eating their lunches.
Another great financial result was
announced by Emirates, with a $205 million net profit for the first
half of its financial year, up massively from $77 million for the same
period last year. Total revenue was $5.4 billion, so their net
profit was a much more realistic (but still wonderful) 3.8% (compared to
the extraordinary 21.5% net profit at Ryanair.
So - two very different airlines - one
proves you can make huge amounts of money by treating your passengers
unusually badly, and the other proves you can make great profits
by treating your passengers unusually well.
What to conclude from these totally opposite
Something we haven't heard a lot of recently
is talk about more airline mergers. But just when the
silence was becoming deafening, the topic comes up again, with
Continental's President and soon to be CEO Jeff Smisek
being quoted as saying that if the merged DL/NW airline becomes too
tough a competitor, he'll run to United and restart the merger talks
that Continental called off last year.
How sad it is when these massively paid
airline executives can not think of any way to compete against each
other, except to merge into fewer and fewer airlines. Is that the
finest expression of American business practice and competition?
Besides which, if you look at airline
profits, you'll see very little correlation between airline size and
airline profit. The 'bigger is better' mantra, mindlessly
echoed by airline executives and industry analysts, is a very weakly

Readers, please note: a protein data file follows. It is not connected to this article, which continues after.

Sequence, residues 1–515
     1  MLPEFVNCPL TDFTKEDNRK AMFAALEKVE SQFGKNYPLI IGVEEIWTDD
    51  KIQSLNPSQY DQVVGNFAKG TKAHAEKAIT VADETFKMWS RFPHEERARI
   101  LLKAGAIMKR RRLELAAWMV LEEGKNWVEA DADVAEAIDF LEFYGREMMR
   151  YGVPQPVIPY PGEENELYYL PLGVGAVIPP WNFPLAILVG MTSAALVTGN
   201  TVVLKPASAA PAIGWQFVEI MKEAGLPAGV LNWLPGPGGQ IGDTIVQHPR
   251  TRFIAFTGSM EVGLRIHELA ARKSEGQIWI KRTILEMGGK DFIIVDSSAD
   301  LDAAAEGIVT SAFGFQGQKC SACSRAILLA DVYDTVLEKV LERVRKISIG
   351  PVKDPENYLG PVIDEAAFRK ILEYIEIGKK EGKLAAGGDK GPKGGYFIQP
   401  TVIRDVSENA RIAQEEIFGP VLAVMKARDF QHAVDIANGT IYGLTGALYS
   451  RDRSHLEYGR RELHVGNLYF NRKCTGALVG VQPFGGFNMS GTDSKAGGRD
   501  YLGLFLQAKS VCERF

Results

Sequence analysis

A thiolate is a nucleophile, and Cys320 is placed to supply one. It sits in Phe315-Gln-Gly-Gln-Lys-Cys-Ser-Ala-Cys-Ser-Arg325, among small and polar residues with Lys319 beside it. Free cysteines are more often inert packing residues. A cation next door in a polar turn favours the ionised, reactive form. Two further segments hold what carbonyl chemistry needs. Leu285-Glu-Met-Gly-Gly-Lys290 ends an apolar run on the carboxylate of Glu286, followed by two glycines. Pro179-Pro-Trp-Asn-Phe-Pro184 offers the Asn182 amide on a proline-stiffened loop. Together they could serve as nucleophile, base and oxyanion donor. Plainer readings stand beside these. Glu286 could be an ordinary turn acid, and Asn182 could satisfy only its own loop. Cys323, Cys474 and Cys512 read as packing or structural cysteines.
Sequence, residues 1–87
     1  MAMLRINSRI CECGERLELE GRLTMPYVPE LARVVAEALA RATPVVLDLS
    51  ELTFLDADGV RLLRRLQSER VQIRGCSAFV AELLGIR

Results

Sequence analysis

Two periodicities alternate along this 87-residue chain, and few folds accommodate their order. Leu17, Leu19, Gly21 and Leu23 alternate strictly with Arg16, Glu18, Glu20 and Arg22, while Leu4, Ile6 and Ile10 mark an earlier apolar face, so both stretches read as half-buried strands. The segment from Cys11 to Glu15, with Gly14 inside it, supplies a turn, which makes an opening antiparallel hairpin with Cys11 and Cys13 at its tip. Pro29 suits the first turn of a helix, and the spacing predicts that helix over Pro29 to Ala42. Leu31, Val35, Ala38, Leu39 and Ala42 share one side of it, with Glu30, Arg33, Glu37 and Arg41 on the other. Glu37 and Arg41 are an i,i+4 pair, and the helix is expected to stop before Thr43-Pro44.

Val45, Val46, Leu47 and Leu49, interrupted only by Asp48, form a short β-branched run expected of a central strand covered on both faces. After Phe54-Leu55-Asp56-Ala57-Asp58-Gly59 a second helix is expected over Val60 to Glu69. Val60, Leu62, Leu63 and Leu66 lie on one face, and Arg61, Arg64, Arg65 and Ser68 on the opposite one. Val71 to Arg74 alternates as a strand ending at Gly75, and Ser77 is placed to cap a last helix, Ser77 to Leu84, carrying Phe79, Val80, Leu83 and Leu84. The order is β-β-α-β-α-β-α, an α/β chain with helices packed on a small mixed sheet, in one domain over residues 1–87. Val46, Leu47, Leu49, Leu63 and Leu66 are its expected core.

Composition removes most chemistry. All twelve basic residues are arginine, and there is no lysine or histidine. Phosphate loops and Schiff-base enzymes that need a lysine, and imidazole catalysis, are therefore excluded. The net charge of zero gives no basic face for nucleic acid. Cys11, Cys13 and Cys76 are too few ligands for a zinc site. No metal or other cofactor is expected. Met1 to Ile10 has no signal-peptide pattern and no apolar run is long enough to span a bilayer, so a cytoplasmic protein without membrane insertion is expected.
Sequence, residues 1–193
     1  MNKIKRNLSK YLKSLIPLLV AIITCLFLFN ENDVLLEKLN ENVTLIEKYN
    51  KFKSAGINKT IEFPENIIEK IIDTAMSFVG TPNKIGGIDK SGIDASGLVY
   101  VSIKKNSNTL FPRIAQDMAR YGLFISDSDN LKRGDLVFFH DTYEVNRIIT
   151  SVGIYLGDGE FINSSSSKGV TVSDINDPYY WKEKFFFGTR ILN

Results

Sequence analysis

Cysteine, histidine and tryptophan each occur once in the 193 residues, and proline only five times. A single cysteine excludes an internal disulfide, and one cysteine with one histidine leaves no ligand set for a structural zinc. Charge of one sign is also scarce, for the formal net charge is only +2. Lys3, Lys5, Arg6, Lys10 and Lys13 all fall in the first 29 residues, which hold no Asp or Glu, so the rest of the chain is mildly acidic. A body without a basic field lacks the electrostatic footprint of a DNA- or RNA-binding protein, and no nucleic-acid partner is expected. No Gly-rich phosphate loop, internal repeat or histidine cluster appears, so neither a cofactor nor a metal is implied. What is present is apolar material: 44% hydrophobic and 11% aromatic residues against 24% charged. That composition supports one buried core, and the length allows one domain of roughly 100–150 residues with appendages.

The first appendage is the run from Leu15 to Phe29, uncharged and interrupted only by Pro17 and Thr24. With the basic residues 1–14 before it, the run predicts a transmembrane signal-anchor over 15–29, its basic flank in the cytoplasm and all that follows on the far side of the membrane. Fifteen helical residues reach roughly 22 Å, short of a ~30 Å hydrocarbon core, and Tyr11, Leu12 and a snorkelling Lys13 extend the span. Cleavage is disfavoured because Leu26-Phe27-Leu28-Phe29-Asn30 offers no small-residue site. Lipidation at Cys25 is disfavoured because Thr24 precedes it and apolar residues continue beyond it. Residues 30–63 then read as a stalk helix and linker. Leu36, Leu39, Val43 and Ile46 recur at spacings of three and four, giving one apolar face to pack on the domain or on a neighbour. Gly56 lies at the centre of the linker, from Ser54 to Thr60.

supported claim, and probably has more truth in the unstated part of the
concept 'less competition is better'.
One airline's desire to merge with another
is seldom anything to do with creating an economy of scale per se, but
rather it is all to do with eliminating a competitor and being able to
enjoy a less competitive marketplace that allows for greater
inefficiencies and more profit, all at the cost of their passengers (and
often at the cost of their staff as well).
United and Continental have already gone
much of the way to a merger by becoming alliance partners. But
apparently Continental is proving to be a naughty 'kiss and tell' lover
- here's a
fascinating article that should be on your 'must read' list if
you are a UA frequent flier.
It tells how Continental published a chart
showing award seat availability on other Star Alliance airlines, and in
the process revealed the obfuscations that United has often used.
Apparently United doesn't like to allow its Mileage Plus members to
redeem too many awards on its partner carriers, because there may be an
actual cost to United when that happens. But instead of being
up-front about this, it seems that United has instead chosen to be
economical with the truth and has told its frequent fliers 'I'm sorry,
but there are no award seats on that flight with that carrier' - blaming
the other airline, when in truth there were award seats but United was
too stingy to allow them to be claimed.
Shame on United, and well done Continental
for exposing United's perfidy.
Talking about United, here's a
stunning story about how United refused to allow a passenger to
fly first class because a gate agent deemed his attire to be too
informal for its first class cabin.
It is true that many airlines still have a
dress code policy, but this only applies to their own staff and other
industry insiders who are traveling on free tickets, not to paying
customers. Indeed, there's an industry joke that you can always
spot the airline employees who are traveling first class for free - they
are the people wearing the suits.
It is very true that the more experienced
fare paying passengers these days dress down rather than dress up,
choosing comfort rather than wishing to make a 'fashion statement'.
United's Customer Service department has not
responded either to a letter of complaint by the passenger or to three
calls by a local television station following up on the event. The
passenger booted out of first class is a frequent flying VP for Best
Buy. Care to guess if Best Buy will be changing its preferred
airline as a result of this? One certainly hopes so.